On Fridays I like to share experiences I’ve had during the week with patients and in my personal life that I’ve found significant. I like to share them in hopes that you might find value in them and have something resonate with you in your life.
A show I love. I’ve been watching a show on CNBC called “No Retreat.” The show is hosted by Joe DeSena who is the founder of Spartan Race and has a history as a highly successful businessman with startups and Wall Street endeavors.
The premise of the show is that he evaluates a business that needs help and identifies three specific areas of weakness that must be improved for the business to survive and thrive. Then, he brings members of the business to “The Farm”, his enormous property in Vermont. Here he will help reinforce business lessons across these three areas via some form of extreme physical challenge.
To some, this may sound odd but to me it is not. Many of the lessons I use daily in life and business have come from the extreme training and events I have done. When you allow yourself to be pushed past the brink of what you previously saw as possible, it can have a profound, positive impact on your behavior and etches lessons into your mind stronger than you might think possible.
A concept I believe in. “A-players” or your “A list” are people in your business and/or personal life that you should treasure. In business, they are the people that pay full price, value your time, appreciate what you offer, and shout it to the world thereafter which leads to more business. In your everyday life, they are people that uplift, motivate, and help you always seemingly at the ideal time. A-players are always low maintenance and yet are invaluable.
Not everyone in your life can or will be an A-player. Therefore, when you have them you want to make sure you appreciate them and treat them as best you can. Interestingly, these people rarely come with headaches. Instead, it is the C or D list players that will bring you the most stress.
I have different rules for my A-list than I do everyone else. For these people, I always find a way to make time and am happy to offer them accommodations I would never offer to others. Do everything you can to be an A-lister to others while also valuing anyone in your life that is on your A-list!
Something important. I had a conversation recently with a chiropractor that explained to me how he does a great job of helping people, but the people he’s helped don’t send him a lot of referrals. He explained how hard he works, how much he cares, and on and on.
As he finished telling me this, I think he wanted me to tell him how unfair this was. Instead, I told him that life will never hand you cookies or trophies for doing what you are supposed to do. In this example, helping people is his job and when he does it, people are getting what they expected to begin with.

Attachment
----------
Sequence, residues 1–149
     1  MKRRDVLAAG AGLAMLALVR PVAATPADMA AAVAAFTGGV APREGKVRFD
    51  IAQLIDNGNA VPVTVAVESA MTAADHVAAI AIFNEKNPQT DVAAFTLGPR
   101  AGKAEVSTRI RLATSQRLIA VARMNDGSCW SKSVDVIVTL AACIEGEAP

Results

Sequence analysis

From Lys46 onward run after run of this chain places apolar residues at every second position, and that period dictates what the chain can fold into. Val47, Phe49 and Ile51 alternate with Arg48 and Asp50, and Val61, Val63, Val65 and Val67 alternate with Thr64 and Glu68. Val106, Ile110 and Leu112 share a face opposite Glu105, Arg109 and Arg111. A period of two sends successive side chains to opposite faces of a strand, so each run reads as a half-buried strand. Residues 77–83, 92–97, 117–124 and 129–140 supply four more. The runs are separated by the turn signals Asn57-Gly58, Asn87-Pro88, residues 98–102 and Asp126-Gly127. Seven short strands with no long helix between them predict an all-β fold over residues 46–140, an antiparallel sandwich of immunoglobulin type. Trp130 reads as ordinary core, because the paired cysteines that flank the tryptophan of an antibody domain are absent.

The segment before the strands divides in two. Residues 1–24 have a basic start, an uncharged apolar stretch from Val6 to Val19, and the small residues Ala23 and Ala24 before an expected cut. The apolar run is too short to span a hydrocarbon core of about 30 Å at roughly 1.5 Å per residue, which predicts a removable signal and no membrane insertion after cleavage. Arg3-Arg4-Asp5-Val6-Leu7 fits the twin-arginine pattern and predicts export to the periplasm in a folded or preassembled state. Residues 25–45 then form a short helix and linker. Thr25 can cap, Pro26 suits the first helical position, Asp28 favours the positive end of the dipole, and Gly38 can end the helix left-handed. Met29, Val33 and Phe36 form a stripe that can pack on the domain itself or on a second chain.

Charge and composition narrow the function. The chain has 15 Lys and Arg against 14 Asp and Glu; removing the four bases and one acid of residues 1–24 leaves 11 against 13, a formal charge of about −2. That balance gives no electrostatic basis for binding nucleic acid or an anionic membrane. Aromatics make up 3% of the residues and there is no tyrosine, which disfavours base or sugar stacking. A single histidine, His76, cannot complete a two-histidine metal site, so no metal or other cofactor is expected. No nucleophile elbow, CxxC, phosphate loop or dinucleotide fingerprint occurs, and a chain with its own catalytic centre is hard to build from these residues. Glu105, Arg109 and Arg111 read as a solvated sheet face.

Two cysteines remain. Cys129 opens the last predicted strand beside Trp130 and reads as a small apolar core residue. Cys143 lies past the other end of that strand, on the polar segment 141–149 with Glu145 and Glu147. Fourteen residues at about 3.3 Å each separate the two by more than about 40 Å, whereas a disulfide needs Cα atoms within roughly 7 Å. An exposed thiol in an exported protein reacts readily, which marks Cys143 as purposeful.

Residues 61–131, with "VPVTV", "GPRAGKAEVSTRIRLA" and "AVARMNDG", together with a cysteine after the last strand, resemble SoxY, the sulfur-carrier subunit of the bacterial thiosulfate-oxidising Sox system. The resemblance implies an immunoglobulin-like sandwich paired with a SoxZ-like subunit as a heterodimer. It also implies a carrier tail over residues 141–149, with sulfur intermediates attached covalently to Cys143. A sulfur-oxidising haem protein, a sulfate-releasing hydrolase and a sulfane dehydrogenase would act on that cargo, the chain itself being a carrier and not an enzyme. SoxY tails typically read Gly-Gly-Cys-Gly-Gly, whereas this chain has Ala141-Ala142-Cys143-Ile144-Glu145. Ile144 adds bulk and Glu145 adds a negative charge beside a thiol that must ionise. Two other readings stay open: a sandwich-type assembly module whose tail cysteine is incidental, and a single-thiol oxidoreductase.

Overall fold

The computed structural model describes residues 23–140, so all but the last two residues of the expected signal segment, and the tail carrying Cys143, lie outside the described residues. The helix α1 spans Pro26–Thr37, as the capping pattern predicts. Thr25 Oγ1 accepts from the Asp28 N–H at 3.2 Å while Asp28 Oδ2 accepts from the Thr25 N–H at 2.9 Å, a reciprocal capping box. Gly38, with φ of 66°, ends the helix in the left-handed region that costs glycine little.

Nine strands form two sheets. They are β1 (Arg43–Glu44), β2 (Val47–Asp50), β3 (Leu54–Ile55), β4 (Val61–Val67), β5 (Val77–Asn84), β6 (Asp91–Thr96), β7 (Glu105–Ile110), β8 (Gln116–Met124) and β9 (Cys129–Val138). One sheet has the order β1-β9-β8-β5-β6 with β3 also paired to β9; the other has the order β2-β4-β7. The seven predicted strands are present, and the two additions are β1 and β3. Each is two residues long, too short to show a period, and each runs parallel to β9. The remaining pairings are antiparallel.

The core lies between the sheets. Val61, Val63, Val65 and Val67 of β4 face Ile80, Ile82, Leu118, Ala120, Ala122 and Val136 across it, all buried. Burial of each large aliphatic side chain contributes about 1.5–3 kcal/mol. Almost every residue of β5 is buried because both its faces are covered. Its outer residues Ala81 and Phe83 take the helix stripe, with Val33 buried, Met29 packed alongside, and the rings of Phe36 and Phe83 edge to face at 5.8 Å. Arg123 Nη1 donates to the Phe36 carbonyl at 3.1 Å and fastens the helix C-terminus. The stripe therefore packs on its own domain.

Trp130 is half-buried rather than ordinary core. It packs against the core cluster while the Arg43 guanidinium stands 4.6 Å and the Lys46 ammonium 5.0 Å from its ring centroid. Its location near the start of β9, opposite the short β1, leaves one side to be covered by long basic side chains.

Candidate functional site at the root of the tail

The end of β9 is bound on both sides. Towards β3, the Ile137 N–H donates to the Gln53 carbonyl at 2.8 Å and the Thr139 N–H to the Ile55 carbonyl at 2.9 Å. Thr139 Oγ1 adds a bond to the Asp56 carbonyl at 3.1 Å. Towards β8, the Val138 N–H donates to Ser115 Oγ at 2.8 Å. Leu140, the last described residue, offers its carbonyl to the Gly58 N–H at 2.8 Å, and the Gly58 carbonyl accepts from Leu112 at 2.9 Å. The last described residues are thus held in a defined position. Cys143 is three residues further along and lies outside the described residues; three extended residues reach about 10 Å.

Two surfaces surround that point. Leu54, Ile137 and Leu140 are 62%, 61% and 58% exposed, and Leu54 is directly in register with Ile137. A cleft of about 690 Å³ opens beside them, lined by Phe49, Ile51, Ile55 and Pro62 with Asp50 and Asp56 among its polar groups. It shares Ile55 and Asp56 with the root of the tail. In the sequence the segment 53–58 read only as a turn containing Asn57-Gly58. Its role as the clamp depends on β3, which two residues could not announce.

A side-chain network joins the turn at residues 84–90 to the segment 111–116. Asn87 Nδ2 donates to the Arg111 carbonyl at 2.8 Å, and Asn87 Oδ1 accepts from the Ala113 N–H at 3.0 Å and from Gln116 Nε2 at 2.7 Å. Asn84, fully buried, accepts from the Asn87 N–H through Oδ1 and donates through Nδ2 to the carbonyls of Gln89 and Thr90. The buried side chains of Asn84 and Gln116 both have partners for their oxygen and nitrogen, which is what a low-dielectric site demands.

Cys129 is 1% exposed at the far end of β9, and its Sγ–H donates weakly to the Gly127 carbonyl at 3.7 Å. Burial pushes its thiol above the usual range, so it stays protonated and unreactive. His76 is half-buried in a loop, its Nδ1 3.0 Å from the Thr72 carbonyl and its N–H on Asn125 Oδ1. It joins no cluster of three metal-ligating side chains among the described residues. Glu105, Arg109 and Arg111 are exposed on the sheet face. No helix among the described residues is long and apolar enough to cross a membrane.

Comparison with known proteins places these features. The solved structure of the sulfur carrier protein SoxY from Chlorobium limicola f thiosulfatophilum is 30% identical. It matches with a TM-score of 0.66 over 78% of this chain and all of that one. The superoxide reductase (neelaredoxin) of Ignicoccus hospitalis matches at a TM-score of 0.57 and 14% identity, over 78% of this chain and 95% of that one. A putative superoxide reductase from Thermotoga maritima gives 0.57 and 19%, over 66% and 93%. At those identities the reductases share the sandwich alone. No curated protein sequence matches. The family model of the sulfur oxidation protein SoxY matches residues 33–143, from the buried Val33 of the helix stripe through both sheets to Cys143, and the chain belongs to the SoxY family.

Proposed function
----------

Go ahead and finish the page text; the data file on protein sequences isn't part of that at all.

I feel things get much simpler when you commit yourself to the process of doing things to the best of your ability, and then let the chips fall where they may. I have trained intensely for events that ended well and others that ended in heartbreak. Some of my proudest successes with patients did not even elicit so much as a thank you, while other times I have helped someone with a simple issue at a single visit and they’ve gone on to refer dozens of people my way. Control what you can, do not worry about getting credit for it, and eventually you are likely to be happy with the outcome.
Something that inspired me. I watched a documentary on Netflix called “14 Peaks” about Nims Purja, a soldier from Nepal that set a goal to climb all 14 of the world’s mountains above 8,000 meters (over 26,000 feet!). This had been accomplished by others previously and the quickest time it took to complete them all was nearly 8 years. Nims made a goal to climb all 14 of them in only 7 months and he called it “Project Possible.” To put this in perspective, after climbing Mount Everest, he would still have 13 remaining mountains of similar height to climb and summit. These mountains claim lives each year and his goal was referred to by many as “trying to swim to the moon.”
The documentary was amazing and then later I ordered his book which went into further detail called “Beyond Possible: One Man, Fourteen Peaks, and the Mountaineering Achievement of a Lifetime.” His story inspired me because he went after a goal that people literally laughed at him for. His path was not easy, but he always maintained a positive outlook and endeavored to do something unheard of.
Some quotes I love.
“Practice makes permanent. The more reps you give to something, the more habitual it becomes. What reps are you getting in today to replace the negative habits with more productive ones? Comes down to one choice at a time. Go win your next one.” – Dr. Josh Handt
“Pain is temporary. It may last for a minute, or an hour, or a day, or even a year. But eventually, it will subside, and something else will take its place. If I quit, however, it will last forever.” – Eric Thomas
“A wrong decision is better than indecision.” – Tony Soprano, ‘The Sopranos’.
“Someone else’s success does not mean a failure for you.” – Joe Rogan
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